New report highlights green infrastructure at hospital as part of national roadmap to clean water

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Kate Breimann

Investments in Maryland’s water infrastructure can help solve water challenges

Environment Maryland Research and Policy Center

Baltimore, MD – In Maryland and across America, the systems that should manage wastewater and stormwater are outdated and failing, according to a new report from Environment Maryland Research & Policy Center. Poor wastewater infrastructure in Maryland threatens the health of the Chesapeake Bay, the nation’s largest and most diverse estuary. 

The new study, which comes out as Congress negotiates water infrastructure funding for the coming fiscal year as part of the federal budget, offers a path to cleaner water that can be achieved with investment. The report calls for Congress to support states’ efforts to bring our nation’s water quality up to standards. This clean water funding should prioritize nature based infrastructure, a cost effective and innovative way to trap and treat dirty water while providing beautiful outdoor spaces and wildlife habitat. 

“From the Patapsco River to the Puget Sound, one thing is clear: investing in water infrastructure works,” said Environment Maryland Director Kate Breimann. “Across Maryland we read stories about nutrient pollution in the Chesapeake Bay and sewage overflows in our cities.  Unfortunately, we can expect more of these stories as our infrastructure ages without the updates it needs. But when our nation applies the right resources, we can fix these problems.”

Entitled A Path to Cleaner Water, the report shows how investing in water infrastructure brings cleaner water to communities across America. Specifically, the group looked at successful and innovative projects in each of the ten U.S. Environmental Protection Agency regions. Despite the geographical differences between regions and states, it’s clear how clean water investments can clean and protect America’s waterways.

The report highlighted green infrastructure at the MedStar Harbor Hospital in a case study showing the value of investing in clean water projects. Blue Water Baltimore retrofitted four of the hospital’s major parking lots with green stormwater infrastructure – the project is estimated to prevent 39 pounds of nitrogen, six pounds of phosphorus, and 1.2 tons of sediment from entering the river every year.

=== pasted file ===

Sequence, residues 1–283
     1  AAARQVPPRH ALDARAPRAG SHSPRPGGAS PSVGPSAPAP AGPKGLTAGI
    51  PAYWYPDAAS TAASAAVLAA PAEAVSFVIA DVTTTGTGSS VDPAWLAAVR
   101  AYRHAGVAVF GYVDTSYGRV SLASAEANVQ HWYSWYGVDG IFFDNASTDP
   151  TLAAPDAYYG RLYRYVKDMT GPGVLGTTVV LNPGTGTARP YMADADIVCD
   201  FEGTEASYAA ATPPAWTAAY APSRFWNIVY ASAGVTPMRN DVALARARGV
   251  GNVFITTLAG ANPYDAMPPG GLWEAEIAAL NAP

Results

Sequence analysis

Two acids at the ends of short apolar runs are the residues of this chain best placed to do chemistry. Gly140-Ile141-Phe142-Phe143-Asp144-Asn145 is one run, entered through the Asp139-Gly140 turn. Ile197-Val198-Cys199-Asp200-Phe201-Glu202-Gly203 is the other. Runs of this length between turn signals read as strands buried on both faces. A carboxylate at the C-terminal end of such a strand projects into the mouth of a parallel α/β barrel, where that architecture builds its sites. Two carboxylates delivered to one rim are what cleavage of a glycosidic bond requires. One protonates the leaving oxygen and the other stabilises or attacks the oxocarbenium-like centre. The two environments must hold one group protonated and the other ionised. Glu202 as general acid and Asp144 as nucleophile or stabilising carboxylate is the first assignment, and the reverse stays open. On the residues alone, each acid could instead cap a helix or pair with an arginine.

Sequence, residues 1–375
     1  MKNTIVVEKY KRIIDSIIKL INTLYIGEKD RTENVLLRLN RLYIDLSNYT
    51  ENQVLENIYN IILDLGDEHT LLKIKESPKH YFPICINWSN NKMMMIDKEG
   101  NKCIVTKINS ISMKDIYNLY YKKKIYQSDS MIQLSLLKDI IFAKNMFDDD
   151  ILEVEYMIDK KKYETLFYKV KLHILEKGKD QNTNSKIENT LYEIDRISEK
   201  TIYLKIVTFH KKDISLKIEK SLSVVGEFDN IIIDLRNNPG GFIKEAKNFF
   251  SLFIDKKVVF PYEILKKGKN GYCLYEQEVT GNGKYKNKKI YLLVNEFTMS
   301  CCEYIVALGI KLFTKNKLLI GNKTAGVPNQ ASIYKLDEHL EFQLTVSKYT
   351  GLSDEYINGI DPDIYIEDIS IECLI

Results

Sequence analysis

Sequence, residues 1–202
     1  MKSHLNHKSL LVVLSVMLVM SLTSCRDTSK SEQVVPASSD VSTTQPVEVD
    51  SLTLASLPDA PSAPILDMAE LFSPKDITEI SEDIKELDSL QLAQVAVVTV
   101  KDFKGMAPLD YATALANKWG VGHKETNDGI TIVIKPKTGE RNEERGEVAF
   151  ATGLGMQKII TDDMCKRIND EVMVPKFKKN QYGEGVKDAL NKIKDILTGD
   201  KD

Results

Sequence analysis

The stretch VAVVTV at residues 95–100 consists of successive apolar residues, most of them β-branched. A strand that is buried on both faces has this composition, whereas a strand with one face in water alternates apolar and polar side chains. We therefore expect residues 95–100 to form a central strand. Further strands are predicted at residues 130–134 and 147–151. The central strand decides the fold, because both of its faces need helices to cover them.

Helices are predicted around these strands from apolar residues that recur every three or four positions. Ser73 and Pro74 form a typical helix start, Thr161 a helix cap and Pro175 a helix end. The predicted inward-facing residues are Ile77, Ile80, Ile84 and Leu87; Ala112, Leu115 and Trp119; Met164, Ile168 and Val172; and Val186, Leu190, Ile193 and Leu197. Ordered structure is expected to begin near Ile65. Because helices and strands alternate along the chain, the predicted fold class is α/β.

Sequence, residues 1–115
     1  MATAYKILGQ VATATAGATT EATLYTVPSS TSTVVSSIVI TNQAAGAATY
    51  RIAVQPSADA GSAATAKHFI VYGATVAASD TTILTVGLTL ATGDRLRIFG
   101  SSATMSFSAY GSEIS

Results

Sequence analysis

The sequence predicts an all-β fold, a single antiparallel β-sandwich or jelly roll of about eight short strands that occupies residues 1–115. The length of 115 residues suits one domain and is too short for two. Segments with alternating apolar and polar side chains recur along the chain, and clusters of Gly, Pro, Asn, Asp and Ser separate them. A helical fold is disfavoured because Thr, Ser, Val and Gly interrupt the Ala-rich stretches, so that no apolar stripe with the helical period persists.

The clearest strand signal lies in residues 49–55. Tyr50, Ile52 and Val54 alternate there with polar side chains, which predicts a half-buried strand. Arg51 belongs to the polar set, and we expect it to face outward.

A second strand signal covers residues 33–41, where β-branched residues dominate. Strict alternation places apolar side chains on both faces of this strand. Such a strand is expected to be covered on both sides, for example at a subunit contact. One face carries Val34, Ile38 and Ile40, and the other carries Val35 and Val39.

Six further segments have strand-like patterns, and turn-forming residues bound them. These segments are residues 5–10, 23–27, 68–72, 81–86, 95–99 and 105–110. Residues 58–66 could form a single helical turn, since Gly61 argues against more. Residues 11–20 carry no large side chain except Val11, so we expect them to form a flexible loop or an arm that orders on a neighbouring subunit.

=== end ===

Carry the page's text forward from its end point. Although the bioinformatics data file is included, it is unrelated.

“MedStar Harbor Hospital understands the connections between human health and environmental health, and has demonstrated institutional leadership by working with Blue Water Baltimore and other partners to treat runoff with green stormwater practices, trees, and native landscaping” said Jenn Aiosa, Executive Director of Blue Water Baltimore, “By investing in these options for their campus, they are creating a healthy campus that treats hundreds of thousands of gallons of stormwater every year.”  

To upgrade these systems and protect clean water, Congress will have to make a substantial investment, according to the report. They have until December 11 to negotiate a compromise on this and other issues in the federal budget. Elected officials are currently negotiating water infrastructure provisions, including the $11 billion House spending bill aimed at solving this problem.

“Not only is investing in clean water a good idea for our waterways, environment, and communities, it also boasts bipartisan support.” Breimann said. We saw proof of this earlier this year when the Senate Environment and Public Works Committee announced draft legislation with bipartisan support to boost water infrastructure spending. The support of clean water can bring Congress together, and show unity in a time of great division.


Environment Maryland Research & Policy Center is a 501(c)(3) organization. We are dedicated to protecting our air, water and open spaces. We investigate problems, craft solutions, educate the public and decision-makers, and help the public make their voices heard in local, state and national debates over the quality of our environment and our lives.